Why productivity is easier than you think.
I admit it, I’ve read Getting Things Done and I am fascinated by the methods people use to keep themselves productive and organized, especially the ones who are very good at it like David Allen. Although I do wonder what David Allen Gets Done apart from writing books about it that sell like proverbial pancakes. I suppose there are worse things to get done. I also regularly check in on sites like Zen Habits and Lifehacker, and I’m now reading Nick Cernic’s charming Todoodlist that affirms my suspicion that the best way to track tasks is by simply writing them down.
I sit in front of a computer all day and for an embarrassing portion of the evening, and I have experimented with a dozen or so “productivity solutions” – from task lists in my mail app, to on-screen sticky notes, to online apps like Backpack and Joe’s Goals. My current favorite productivity app is Things, with its elegant, attractive UI and iPhone synching. I adore the app, but what happens when the chaos begins to encroach? I write things down.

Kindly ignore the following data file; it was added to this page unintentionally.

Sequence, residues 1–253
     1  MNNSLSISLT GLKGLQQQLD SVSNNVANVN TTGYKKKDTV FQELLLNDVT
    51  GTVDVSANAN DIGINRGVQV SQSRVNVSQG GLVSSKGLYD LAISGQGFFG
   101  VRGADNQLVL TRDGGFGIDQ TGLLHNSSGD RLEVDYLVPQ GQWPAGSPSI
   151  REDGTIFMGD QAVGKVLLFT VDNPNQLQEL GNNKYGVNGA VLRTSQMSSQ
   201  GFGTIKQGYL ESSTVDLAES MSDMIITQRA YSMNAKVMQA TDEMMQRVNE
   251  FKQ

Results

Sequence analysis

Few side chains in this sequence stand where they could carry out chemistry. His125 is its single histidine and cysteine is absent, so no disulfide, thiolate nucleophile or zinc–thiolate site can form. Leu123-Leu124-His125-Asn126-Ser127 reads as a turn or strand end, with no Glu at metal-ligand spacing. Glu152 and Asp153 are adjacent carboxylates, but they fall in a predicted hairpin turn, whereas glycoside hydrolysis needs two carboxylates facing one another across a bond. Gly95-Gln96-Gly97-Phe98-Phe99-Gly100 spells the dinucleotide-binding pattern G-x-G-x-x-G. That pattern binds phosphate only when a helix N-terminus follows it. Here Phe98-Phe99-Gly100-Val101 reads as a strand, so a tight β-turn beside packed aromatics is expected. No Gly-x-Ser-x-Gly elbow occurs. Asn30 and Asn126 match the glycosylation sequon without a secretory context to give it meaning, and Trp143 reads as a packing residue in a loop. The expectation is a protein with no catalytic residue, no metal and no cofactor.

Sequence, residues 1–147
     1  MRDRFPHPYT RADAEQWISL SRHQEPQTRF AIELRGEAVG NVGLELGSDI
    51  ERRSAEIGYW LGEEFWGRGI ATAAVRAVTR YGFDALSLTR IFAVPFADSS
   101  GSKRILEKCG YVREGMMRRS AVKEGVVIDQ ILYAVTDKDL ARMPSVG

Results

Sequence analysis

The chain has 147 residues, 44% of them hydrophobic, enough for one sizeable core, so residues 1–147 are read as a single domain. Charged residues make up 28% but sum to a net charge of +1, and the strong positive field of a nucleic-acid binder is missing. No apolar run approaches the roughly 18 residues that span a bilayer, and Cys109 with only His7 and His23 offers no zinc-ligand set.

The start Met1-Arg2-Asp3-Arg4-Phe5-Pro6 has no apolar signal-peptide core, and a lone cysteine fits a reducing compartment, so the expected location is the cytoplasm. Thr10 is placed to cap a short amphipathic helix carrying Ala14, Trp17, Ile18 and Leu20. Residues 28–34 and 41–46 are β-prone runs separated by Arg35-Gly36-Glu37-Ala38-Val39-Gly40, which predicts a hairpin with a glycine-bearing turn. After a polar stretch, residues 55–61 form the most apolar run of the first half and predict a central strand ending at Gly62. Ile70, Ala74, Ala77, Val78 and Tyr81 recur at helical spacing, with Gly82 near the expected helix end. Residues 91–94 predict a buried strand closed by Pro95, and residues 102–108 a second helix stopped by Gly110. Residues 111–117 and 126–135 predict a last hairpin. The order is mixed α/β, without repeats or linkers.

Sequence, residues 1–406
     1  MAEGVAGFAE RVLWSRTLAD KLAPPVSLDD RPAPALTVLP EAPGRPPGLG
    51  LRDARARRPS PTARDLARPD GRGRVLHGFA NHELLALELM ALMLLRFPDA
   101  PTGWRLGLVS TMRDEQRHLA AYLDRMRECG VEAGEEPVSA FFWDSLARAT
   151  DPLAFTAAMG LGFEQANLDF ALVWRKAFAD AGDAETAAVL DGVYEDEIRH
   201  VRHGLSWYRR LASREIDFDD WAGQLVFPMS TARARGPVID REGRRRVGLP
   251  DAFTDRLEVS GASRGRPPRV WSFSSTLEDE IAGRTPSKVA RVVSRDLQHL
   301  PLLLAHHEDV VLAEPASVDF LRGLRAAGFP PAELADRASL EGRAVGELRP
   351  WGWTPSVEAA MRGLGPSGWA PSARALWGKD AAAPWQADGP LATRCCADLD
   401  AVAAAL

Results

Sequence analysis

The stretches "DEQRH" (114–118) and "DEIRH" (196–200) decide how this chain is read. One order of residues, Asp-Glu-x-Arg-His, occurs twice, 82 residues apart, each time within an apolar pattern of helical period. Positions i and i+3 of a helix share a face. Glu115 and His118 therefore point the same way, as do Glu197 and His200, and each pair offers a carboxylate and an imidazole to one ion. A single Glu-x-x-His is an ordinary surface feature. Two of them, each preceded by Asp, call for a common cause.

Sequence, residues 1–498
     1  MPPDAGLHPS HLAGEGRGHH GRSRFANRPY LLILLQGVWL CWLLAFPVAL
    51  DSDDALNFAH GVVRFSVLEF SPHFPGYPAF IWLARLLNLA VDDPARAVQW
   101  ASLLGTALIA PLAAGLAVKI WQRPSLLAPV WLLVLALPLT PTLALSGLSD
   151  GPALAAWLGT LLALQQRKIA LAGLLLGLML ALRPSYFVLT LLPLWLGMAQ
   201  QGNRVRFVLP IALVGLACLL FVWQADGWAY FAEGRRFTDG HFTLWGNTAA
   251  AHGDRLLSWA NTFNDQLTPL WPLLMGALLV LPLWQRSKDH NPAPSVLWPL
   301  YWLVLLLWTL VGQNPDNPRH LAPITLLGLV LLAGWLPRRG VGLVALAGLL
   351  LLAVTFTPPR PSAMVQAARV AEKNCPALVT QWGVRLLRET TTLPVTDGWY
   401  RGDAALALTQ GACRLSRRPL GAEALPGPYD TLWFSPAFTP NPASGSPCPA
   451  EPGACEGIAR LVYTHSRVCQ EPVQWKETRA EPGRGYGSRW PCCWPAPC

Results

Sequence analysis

All I have to do is keep a notebook somewhere on my desk where I can capture tasks and ideas and cross things off when I have done them. It’s sitting there right next to my iPhone. It is always faster to write something down than it is to open a program and type, even when Things is sitting right there in my dock, and it keeps my stuff visible no matter how many windows I have open on my Mac.
Todoolist offers a clever mind-mapping style for making lists, which might be fun to try, to better distinguish next tasks from the rest of the list. It also allows for easy visualization of the chain of events leading up to the completion of the project. I like it, but I still have some qualms about writing everything down – the main qualm being that I have an annoying tendency to misplace or forget pieces of paper and notebooks in this bag or that bag or at work or at home. Thus my precious list may not always be at hand. This could probably be solved by a simple technique like stapling it to my forehead.
Another issue I have yet to resolve is how to reconcile work lists versus home lists. Because of the large number of personal projects I try to keep going it seems to make sense to have my home system sitting within easy reach of my couch. It also bugs me on some level to have big lists of personal goals mixed in with work notes. I have combined my lists using Things’ “Areas” to differentiate home projects from work projects, but on paper making those distinctions is not so easy. Perhaps it’s time for me to look at why I need to compartmentalize, when all of my projects are important… More on that later. For now, back to Todoodling.